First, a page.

Last night, I got my first good night's sleep in days. I think it was the computer problem. In fact, one night I know it was specifically the computer problem. I woke up at 2 a.m. and tossed and turned for a while trying to figure out what I was going to do to get the old machine up and running again. I got out of bed at three. Yesterday morning, I reconciled myself to giving up and I ordered a new computer, which should be delivered tomorrow.
My psychological dependence on having a computer that's running normally is nothing new. As soon as we started getting personal computers at work, back in the 1980s, they became a major part of my life. I got my first computer in about 1984 in Washington DC — it was a laptop, and was really more a dedicated word processor than a full-fledged PC. I tinkered with it until I succeeded in making it capable of displaying and printing the accented letters that I needed if I was going to write documents in French. When I have a computer that isn't working right, or won't do what I want it to do, my whole psyche is perturbé, as they say in French. And I want to fix it myself — not ask anybody else to do it.
A non-working computer is about as useful as this brick. I use bricks like this one as door stops here.
Walt and I moved to California in late 1986, and I somehow ended up working in the computer business. First I was managing editor of a computer magazine, and then in 1989 I went to work as an editor and then manager at what was a well-known software company back then. I never really liked living in Silicon Valley, but I loved my work there for years. I bought my first real PC, which was a DOS-based IBM-compatible that had one of those black screens with a blinking cursor and green characters, and no graphical capabilities. I taught myself at home and at work how to take the computers apart and add new components or swap out defective or outdated ones. In general, I'm not a very mechanically inclined person, but with computers it's different.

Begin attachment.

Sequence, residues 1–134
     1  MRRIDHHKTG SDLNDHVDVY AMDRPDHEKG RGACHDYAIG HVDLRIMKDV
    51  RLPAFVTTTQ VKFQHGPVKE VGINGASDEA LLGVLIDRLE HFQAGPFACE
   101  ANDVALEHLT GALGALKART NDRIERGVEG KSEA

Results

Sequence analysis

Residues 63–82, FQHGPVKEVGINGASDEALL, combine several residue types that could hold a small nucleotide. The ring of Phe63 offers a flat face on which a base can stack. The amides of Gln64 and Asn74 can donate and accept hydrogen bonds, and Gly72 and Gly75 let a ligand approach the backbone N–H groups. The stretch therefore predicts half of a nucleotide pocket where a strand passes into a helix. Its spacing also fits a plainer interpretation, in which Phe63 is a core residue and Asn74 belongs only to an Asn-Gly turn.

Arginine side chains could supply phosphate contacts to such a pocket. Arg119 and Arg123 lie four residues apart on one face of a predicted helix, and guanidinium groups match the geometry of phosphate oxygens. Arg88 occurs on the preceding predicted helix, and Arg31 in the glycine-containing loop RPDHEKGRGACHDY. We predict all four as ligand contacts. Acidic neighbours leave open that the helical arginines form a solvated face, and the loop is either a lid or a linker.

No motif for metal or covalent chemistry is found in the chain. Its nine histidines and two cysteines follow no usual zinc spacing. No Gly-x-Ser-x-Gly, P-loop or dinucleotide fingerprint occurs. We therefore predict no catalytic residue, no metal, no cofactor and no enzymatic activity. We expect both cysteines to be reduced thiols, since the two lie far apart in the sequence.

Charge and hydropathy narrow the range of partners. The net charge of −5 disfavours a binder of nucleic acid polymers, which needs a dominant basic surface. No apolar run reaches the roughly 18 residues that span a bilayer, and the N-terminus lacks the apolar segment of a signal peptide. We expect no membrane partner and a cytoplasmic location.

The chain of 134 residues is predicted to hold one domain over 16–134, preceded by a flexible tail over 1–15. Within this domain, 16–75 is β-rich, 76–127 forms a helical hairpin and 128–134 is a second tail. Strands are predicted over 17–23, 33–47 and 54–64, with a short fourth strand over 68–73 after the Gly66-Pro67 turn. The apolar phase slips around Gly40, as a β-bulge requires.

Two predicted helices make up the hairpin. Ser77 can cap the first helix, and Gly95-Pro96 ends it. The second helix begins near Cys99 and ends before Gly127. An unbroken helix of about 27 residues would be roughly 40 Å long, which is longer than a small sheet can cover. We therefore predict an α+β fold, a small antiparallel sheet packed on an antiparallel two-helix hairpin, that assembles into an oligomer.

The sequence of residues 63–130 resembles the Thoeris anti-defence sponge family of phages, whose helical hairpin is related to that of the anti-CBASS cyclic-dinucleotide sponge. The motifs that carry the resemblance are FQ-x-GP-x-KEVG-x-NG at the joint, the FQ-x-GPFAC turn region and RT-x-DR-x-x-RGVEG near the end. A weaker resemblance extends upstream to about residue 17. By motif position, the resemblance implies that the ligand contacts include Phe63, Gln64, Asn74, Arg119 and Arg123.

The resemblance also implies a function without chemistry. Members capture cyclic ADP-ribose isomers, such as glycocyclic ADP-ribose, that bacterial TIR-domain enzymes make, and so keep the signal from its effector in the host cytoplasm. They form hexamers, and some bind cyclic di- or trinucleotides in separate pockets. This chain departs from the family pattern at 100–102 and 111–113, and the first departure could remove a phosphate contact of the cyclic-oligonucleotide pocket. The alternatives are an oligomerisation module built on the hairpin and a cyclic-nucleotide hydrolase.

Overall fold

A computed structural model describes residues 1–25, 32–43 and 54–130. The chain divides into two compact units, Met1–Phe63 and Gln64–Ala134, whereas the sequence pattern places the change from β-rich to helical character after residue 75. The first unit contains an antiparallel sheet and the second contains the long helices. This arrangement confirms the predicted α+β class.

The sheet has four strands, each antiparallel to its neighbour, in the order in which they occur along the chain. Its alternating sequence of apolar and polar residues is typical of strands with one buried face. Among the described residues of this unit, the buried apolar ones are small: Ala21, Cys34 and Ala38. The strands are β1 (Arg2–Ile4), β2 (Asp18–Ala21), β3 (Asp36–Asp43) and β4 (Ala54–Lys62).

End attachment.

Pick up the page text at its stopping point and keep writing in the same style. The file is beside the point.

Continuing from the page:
This tangle of trees looks a little like the inside of a PC — a tangle of wires.
I've always had a computer since then, mostly running Windows. Keeping it upgraded and running smoothly has been a major preoccupation. I even had a Mac once, but I didn't keep it very long — that was when I was working for Apple in the mid-1990s. Then I bought a slide scanner and started taking photos that I could store and view on my PC. By 1998 I had my first digital camera, and the rest is history. Now I have literally hundreds of thousands of photos archived on my PC and on CD/DVD disks. And I have two Android tablets for viewing them over our home network (among other tasks).
I love having easy access to all my photos, so I need to have a computer in good working order. I guess that means I'm a nerd. I don't think I could live a happy life out here in the French countryside, or maybe anywhere else, without a computer (or two or three), good Internet access, and a digital camera (or two). It's hard to imagine how we young American students lived in France back in the 1970s, with no computers, no e-mail, and not even a telephone at home! The only way we could communicate with people was to see them face-to-face, which meant contact with our family and friends back home in the U.S. was limited to letter-writing and snail mail. The good old days... maybe they weren't so great after all.